I remember researching every curriculum under the sun. It was overwhelming and as the books kept arriving, my mom brain was so excited to begin diving into them. However, as I began lesson planning, I realized we were going to be “doing school” for 5-6 hours a day and honestly, my kids were WAY too young for that. Plus, I run 2 businesses and cannot actually afford to loose that daily time. So, I paired way back and took the advice of a long time homeschool family who I deeply valued. Here are a few tips that helped our first 2 years of homeschool go off without many hiccups (and a whole lot less frustration)!
This is time you don’t get back with your kids. Sticking to schedules over the mental wellbeing of your child is not going to serve either of you. The number of completed lessons this year is not going to determine your worth. Your value lies most deeply in the little lessons of flexibility, emotional resilience and love that you provide your kiddo. Create an environment where you can nurture the above and all of the other things seem to fall into place.
Keep in mind, they won’t remember the concepts you taught them, they’ll remember how they felt while you taught them.
Friend, I’m saying this with a loving hand on your shoulder, you are a great teacher for your child.
1. Don’t try to recreate school at home.
You don’t need to have fancy desks and schedules and timelines and plans. In fact, we embrace more of a Montesorri style homeschool where, instead, I have chosen to run with our kids interests at the time. Our kids are happier and our homeschool environment is so much more peaceful. I love curriculum that is grab and go vs lots of lesson planning.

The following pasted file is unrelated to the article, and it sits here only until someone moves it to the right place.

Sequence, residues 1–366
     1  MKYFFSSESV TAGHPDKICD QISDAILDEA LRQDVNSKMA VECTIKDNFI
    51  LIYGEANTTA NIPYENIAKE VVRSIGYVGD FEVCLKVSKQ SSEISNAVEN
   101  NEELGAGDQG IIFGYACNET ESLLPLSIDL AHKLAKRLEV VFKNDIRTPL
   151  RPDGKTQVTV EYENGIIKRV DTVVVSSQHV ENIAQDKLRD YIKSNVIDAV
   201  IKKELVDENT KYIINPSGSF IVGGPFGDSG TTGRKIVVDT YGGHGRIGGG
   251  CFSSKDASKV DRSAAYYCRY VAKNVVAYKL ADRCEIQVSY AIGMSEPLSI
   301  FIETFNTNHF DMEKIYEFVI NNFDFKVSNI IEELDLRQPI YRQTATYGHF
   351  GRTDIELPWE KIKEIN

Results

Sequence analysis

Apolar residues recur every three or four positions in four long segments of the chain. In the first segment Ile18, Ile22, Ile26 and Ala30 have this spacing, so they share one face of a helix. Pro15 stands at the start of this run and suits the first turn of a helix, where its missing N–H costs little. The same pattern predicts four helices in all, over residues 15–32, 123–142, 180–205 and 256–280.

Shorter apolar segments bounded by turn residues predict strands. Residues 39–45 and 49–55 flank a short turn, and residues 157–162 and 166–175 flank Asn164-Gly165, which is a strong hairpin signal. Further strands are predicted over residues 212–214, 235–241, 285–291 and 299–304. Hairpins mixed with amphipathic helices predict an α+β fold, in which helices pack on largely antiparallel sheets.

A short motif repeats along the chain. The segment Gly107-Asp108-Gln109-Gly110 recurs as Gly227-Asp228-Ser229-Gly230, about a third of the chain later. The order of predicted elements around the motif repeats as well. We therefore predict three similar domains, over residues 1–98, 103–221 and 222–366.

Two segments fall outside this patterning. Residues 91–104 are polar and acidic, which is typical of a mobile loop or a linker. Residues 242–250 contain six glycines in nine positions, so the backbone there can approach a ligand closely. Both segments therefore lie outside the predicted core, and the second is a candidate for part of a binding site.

At one point in Levi’s Kindergarten year, he was struggling with his math. Instead of harping on the same subject until he got it, we began playing card games instead. Not only did he develop a strong foundation for math, but he had a really good time.
2. Less is more.
Your kiddos age determines their attention span. A LOT of time is spent in traditional school just trying to wrangle the number of kids each teacher has. The average kindergarten kiddo has an attention span of just 2-5 MINUTES. In Elementary especially, play is an important part of schooling so break out those (non electronic) toys and let their imagination fly. We have loved inserting books before and after a short lesson to help their little brains switch gears.
Homeschool is a deeply enriching part of a kids life IF you let it be. If there are tears, frustration and overwhelm, take a step back and see what you can to do to make learning fun again. This is a time to connect with your little one, a time you don’t get back.
3. Let go of the worry that your kiddo might be “behind”.
YOU set the standards in homeschool. There is no comparison in our household. My kids might be really good at certain things and not at others but, fostering a love for learning is the most important thing you can do for you child. We can learn to do literally anything, so teaching them how to learn is the most vital skill a child could ever have. I use assessments as a way to gauge my teaching. Not to measure my child. Sometimes, we go back and redo things. Sometimes, we put a subject away for a few weeks because it’s causing too much angst. ALL of that is ok. It just means they aren’t ready yet. If your munchkin is struggling to get a concept, it might mean its just too advanced. Take a step backwards and try again later. I promise, your kiddo wont be behind. In fact, they’ll likely thrive.
As you navigate this new season in your life, I’m sending you all the love, grace and positivity. Happy Homeschooling, friend.
Love it all!
Great job mama!
I’ve chosen the homeschooling rout for kindergarten next year. I’m nervous about it, not sure what I’m doing yet. This was very supportive and uplifting post, thank you!
That age is so much fun. Both structured and unstructured play was all we did and they both THRIVED! Don’t let the world complicate what you already know- which is how your kiddo learns best. 😉
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